The northwest chimney is the last to be finished.

Rob Tincknell, CEO of the Battersea Power Station Development Company, said “Battersea Power Station’s chimneys have been the backdrop for films, music videos and album covers and really are world famous. On behalf of our shareholders, I would like to say it has been an honour to restore this iconic symbol to the London skyline so that it can be enjoyed by generations to come.”

The Malaysian shareholders of the Battersea Power Station project are committed to giving back to the communities in which they operate. They recognise the importance of creating shared value and this is embedded in all their undertakings to ensure that they contribute towards a harmonious and considerate community.

Britain’s beloved historic buildings are at risk, due to a restoration skills crisis that threatens the future of some of our best-known national treasures, warns a RICS and YouGov survey.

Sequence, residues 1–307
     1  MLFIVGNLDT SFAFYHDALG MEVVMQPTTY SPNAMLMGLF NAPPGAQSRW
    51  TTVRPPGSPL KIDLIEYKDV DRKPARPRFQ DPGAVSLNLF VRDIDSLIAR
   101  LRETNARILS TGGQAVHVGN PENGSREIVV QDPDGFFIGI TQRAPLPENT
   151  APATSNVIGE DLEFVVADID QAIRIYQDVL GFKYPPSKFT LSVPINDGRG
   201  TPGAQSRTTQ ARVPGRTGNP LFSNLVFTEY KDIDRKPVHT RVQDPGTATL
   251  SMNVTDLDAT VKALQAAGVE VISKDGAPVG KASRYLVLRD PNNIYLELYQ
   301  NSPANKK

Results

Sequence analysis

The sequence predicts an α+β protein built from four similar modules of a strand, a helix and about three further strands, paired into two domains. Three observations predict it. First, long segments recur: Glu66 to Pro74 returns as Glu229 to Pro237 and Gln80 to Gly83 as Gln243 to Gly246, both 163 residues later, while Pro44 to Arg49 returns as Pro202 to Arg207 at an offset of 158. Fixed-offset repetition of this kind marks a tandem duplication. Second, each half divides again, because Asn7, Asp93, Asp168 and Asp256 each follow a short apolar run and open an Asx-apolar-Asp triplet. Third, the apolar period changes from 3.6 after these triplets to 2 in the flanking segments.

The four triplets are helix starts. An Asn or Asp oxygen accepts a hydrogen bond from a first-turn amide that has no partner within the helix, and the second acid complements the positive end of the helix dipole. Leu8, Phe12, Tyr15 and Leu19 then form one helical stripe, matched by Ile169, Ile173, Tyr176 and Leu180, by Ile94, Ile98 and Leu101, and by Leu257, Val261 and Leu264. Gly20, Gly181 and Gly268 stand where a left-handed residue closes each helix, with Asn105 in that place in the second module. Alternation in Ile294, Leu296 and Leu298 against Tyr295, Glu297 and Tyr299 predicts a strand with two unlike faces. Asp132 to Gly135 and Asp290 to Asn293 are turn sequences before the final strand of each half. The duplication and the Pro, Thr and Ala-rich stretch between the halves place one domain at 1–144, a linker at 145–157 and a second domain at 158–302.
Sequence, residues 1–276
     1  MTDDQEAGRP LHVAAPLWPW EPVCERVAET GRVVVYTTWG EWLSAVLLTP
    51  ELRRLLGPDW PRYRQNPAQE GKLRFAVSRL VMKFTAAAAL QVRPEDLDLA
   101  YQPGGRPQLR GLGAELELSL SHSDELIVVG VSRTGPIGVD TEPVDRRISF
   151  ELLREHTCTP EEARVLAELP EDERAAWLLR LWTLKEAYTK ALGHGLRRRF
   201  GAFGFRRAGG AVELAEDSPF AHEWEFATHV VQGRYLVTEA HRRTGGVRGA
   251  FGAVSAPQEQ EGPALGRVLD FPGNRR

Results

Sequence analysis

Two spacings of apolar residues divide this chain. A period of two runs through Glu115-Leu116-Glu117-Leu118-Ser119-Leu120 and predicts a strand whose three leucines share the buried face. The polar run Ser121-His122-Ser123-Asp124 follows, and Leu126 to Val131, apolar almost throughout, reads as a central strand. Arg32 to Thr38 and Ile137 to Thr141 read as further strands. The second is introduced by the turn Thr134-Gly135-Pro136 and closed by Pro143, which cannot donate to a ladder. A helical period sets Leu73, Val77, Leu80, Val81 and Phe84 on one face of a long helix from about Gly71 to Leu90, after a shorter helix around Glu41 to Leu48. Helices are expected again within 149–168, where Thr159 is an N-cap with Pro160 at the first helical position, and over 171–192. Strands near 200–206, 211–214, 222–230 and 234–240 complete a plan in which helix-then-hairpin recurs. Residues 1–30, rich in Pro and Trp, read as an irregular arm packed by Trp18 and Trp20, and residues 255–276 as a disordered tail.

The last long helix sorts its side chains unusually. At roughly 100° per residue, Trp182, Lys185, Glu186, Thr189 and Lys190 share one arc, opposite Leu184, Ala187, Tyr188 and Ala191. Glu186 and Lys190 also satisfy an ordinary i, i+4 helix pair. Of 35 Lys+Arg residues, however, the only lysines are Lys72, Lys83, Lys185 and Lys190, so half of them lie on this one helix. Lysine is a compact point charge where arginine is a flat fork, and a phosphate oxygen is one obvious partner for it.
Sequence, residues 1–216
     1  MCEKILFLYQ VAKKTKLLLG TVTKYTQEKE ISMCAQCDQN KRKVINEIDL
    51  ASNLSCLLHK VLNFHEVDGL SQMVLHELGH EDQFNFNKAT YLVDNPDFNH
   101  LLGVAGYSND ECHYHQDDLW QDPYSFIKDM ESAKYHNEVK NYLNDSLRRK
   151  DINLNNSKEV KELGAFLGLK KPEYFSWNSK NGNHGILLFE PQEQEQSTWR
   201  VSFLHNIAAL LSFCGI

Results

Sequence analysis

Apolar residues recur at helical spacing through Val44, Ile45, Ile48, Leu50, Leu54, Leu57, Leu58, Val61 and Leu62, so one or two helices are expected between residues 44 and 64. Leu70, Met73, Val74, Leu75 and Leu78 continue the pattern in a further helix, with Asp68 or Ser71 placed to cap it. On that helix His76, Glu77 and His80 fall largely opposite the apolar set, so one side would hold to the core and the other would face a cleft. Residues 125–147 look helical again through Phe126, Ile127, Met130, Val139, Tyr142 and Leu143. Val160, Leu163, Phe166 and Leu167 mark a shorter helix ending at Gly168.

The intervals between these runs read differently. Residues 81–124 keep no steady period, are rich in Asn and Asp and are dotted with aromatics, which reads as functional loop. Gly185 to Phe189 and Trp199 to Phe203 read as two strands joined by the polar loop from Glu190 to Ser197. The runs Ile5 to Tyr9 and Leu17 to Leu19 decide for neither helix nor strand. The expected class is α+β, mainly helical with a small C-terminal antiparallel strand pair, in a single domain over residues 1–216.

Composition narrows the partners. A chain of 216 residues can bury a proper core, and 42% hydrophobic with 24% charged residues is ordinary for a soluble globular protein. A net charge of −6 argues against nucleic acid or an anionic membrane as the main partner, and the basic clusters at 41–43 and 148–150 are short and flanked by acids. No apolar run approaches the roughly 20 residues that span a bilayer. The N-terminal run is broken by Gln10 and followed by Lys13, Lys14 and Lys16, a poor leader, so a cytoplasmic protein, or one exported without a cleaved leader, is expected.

• 9 in 10 British people identify historic buildings, like those featured in Channel 4’s Great British Buildings – Restoration of the Year* as important symbols of national heritage.
  • 89% of the British public believe it’s important to preserve these national treasures and 42% said the responsibility to invest and maintain these structures lies with the government.
  • However, despite the public’s passion for historic buildings, the majority don’t understand the specialist skills needed to preserve them, at a time when the entire construction industry is facing a skills shortage.

Restoration of the Year

Despite over a million people tuning in to Channel 4’s latest series Great British Buildings – Restoration of the Year, and a new YouGov survey commissioned by RICS finding that 91% of the British public believe historic buildings are symbolic of Britain’s heritage, young people have little awareness of the specialist professions and trades essential to their preservation, suggesting that as people retire, the current skills base could be all but wiped out.

Preserving iconic treasures

According to the survey, 9 in 10 people (91%) agreed that buildings such as Windsor Castle and Kensington Palace are symbols of the country’s heritage. This sentiment is strong across all age groups, including millennials, with 89% of 18-24 year-olds appreciating the importance of historic buildings.